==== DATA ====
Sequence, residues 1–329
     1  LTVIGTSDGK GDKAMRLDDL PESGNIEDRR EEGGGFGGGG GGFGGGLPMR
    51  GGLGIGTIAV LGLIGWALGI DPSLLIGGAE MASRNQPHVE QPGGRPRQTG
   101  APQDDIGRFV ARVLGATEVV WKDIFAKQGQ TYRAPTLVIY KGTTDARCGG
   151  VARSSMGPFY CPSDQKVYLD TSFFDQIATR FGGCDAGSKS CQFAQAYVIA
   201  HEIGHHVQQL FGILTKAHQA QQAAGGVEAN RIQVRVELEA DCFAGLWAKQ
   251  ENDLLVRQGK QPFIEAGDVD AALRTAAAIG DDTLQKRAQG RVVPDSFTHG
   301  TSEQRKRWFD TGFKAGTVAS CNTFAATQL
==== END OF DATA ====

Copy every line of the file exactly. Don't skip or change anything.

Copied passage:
Sequence, residues 1–329
     1  LTVIGTSDGK GDKAMRLDDL PESGNIEDRR EEGGGFGGGG GGFGGGLPMR
    51  GGLGIGTIAV LGLIGWALGI DPSLLIGGAE MASRNQPHVE QPGGRPRQTG
   101  APQDDIGRFV ARVLGATEVV WKDIFAKQGQ TYRAPTLVIY KGTTDARCGG
   151  VARSSMGPFY CPSDQKVYLD TSFFDQIATR FGGCDAGSKS CQFAQAYVIA
   201  HEIGHHVQQL FGILTKAHQA QQAAGGVEAN RIQVRVELEA DCFAGLWAKQ
   251  ENDLLVRQGK QPFIEAGDVD AALRTAAAIG DDTLQKRAQG RVVPDSFTHG
   301  TSEQRKRWFD TGFKAGTVAS CNTFAATQL